RelFest 2020 - Highlights

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This year’s Relativity Fest London was a virtual affair. Across three days, the festival brought a mix of live and recorded content focused on how the latest technology can support corporate organisations, law firms and software developers deliver better value to their clients. Although physical networking opportunities were lost, the format opened the doors to a wider global audience. Kudos to Relativity for making it happen on such short notice.

An impressive conference portal enabled delegates to attend virtual sessions, chat with one another and browse marketing materials as well as download the presentations. Webinars covered the latest in security, cloud adoption, and Relativity Trace (a proactive monitoring and compliance application). However, the overall focus was Aero, RelOne’s improved user interface.

As we’ve been covering the Disclosure Pilot Scheme closely for the last 18 months, perhaps the highlight of the show was the webinar, “Judicial & Practitioner Perspectives: eDisclosure, The Pilot Scheme, & Global eDiscovery”. The discussion panel included: Dr. Victoria McCloud, Master of the Senior Courts, Queen’s Bench Division; Erica Albertson, Head of eDiscovery Solutions, Simmons & Simmons; Ed Crosse, Partner, Simmons & Simmons; Kushal Gandhi, Partner, CMS; David Horrigan, Discovery Counsel & Legal Education Director, Relativity.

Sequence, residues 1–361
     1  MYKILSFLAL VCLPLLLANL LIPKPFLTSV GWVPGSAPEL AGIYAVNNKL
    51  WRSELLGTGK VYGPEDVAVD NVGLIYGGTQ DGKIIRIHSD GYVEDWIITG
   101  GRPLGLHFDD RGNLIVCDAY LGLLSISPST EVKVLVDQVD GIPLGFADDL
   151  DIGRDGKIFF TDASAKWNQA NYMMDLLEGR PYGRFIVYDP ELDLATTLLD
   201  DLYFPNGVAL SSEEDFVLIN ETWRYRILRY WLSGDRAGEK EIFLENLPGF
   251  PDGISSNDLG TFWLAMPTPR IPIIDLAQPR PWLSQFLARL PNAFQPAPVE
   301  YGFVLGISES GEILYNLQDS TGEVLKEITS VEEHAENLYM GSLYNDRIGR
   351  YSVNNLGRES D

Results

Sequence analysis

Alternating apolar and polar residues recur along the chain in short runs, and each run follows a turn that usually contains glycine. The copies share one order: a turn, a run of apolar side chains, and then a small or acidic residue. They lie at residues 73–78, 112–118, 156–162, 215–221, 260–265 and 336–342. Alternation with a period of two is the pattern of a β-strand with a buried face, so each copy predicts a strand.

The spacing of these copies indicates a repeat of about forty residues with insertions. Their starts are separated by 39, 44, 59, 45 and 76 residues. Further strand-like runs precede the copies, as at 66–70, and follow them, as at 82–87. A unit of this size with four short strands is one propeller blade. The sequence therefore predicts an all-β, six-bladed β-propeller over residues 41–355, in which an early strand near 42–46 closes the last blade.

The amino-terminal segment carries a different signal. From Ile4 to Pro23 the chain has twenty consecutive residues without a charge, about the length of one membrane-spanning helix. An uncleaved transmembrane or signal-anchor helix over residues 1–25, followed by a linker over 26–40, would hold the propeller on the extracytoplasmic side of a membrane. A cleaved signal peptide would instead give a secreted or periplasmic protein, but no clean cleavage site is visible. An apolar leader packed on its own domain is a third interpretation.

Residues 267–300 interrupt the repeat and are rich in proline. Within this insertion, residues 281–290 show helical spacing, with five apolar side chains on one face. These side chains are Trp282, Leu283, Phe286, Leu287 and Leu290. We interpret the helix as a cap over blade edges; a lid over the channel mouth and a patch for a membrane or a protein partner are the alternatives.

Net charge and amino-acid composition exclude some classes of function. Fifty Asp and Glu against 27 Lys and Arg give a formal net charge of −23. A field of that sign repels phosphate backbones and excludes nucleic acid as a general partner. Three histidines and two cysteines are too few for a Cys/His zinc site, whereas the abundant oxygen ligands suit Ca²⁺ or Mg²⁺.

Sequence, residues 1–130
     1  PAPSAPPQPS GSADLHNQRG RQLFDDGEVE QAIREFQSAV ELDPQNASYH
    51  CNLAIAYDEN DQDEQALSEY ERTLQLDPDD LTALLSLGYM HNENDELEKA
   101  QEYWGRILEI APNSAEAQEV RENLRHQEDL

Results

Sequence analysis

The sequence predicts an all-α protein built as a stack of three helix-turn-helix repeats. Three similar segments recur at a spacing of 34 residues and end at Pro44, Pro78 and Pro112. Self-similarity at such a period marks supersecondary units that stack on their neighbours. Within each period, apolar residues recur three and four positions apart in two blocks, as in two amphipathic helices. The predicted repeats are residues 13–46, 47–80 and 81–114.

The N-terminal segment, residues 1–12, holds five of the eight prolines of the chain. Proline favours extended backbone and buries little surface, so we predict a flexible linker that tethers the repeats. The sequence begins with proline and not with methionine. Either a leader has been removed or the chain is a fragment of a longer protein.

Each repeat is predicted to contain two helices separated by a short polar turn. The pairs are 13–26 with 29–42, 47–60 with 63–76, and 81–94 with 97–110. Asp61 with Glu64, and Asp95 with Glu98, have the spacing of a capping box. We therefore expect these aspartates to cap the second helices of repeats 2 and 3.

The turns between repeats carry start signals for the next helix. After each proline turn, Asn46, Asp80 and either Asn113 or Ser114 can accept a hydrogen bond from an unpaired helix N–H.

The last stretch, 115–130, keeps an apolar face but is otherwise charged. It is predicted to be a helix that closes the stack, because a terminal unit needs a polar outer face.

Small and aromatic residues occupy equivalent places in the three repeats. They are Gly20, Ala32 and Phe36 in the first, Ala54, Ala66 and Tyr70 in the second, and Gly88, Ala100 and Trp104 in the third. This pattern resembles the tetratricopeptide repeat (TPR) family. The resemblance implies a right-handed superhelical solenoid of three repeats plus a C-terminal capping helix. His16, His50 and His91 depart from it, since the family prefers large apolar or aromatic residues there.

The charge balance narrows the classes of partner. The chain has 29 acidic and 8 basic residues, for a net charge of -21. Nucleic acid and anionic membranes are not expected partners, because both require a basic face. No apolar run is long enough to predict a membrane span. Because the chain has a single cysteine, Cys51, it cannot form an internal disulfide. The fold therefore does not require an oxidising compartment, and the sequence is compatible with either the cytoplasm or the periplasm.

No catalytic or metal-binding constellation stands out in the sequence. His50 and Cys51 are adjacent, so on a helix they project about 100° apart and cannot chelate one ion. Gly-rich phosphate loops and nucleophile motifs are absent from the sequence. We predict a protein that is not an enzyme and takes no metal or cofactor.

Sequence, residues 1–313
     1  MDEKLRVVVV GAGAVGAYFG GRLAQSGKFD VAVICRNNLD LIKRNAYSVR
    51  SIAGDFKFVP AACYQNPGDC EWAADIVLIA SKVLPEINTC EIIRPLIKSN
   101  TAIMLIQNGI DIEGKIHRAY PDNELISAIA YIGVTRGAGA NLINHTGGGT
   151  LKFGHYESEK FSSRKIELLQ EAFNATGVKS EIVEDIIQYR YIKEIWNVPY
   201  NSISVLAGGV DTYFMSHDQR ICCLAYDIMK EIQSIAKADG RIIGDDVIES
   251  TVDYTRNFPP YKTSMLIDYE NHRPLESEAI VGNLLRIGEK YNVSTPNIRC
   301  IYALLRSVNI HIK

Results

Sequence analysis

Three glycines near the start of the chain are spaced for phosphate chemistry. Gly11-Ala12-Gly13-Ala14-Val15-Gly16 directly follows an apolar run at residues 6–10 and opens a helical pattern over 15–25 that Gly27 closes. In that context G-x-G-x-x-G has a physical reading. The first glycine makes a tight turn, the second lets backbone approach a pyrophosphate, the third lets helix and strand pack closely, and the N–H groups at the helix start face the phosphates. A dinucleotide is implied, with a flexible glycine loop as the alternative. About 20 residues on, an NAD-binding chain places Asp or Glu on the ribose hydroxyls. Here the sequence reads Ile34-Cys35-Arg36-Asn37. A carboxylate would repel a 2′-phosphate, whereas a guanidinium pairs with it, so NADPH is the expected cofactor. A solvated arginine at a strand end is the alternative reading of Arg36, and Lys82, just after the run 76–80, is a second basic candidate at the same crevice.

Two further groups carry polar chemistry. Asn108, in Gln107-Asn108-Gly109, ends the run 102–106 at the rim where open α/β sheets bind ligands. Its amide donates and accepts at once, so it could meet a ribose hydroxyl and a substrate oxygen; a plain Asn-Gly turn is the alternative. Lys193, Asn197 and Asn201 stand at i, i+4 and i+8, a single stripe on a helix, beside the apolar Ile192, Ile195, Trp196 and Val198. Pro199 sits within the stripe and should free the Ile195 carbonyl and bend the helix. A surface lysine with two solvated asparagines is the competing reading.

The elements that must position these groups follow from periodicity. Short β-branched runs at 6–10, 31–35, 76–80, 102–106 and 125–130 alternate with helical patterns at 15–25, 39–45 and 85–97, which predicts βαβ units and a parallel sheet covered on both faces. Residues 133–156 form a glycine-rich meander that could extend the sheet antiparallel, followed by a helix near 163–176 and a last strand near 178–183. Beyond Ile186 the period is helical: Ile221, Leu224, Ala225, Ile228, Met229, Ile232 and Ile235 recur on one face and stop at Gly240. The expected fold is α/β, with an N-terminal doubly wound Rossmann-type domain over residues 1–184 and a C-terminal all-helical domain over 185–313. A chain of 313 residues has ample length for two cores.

Ed Crosse, a member of the Pilot schemes working group, provided feedback on the cheme’s effectiveness to date and noted that parties have deliberately used the Pilot’s model-led structure to create further complexities during disclosure, contradicting its overall objective. Gandhi commented that the new disclosure review document is being used as a platform for legal debate and is perhaps overkill adding to the front loading of costs. The panel agreed it was likely there would be an extension to the two-year Pilot whilst the issues are ironed out.

Overall, the panel seemed to agree the shift towards greater use of technology in Disclosure was a positive step towards proportionality. The use of Technology Assisted Review (TAR), for Albertson, has become the norm on every case and she highlighted that a significant number of matters utilise some form of machine learning to assist in predicting relevance. The panellists also called attention to the need for early collaboration between all parties and their eDiscovery providers to ensure a cost-effective disclosure process.

For a further comprehensive review on the success and challenges of the Pilot, read London Legal’s upcoming feature in PLC magazine’s 30th year anniversary June issue.

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